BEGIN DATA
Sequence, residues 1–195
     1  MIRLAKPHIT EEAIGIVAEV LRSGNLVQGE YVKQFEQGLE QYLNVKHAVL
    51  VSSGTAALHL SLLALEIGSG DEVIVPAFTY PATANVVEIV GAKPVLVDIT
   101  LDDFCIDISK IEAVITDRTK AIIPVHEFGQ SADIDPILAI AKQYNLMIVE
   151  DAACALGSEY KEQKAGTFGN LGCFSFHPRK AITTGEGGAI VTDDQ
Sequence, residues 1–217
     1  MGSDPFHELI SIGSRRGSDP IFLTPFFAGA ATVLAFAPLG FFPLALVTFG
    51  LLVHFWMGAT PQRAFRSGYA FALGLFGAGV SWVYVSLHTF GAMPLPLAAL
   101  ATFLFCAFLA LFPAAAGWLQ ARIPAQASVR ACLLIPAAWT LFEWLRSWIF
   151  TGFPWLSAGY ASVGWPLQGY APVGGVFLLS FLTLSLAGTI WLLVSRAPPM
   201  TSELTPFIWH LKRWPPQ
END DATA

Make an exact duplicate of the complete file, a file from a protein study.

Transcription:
Sequence, residues 1–195
     1  MIRLAKPHIT EEAIGIVAEV LRSGNLVQGE YVKQFEQGLE QYLNVKHAVL
    51  VSSGTAALHL SLLALEIGSG DEVIVPAFTY PATANVVEIV GAKPVLVDIT
   101  LDDFCIDISK IEAVITDRTK AIIPVHEFGQ SADIDPILAI AKQYNLMIVE
   151  DAACALGSEY KEQKAGTFGN LGCFSFHPRK AITTGEGGAI VTDDQ
Sequence, residues 1–217
     1  MGSDPFHELI SIGSRRGSDP IFLTPFFAGA ATVLAFAPLG FFPLALVTFG
    51  LLVHFWMGAT PQRAFRSGYA FALGLFGAGV SWVYVSLHTF GAMPLPLAAL
   101  ATFLFCAFLA LFPAAAGWLQ ARIPAQASVR ACLLIPAAWT LFEWLRSWIF
   151  TGFPWLSAGY ASVGWPLQGY APVGGVFLLS FLTLSLAGTI WLLVSRAPPM
   201  TSELTPFIWH LKRWPPQ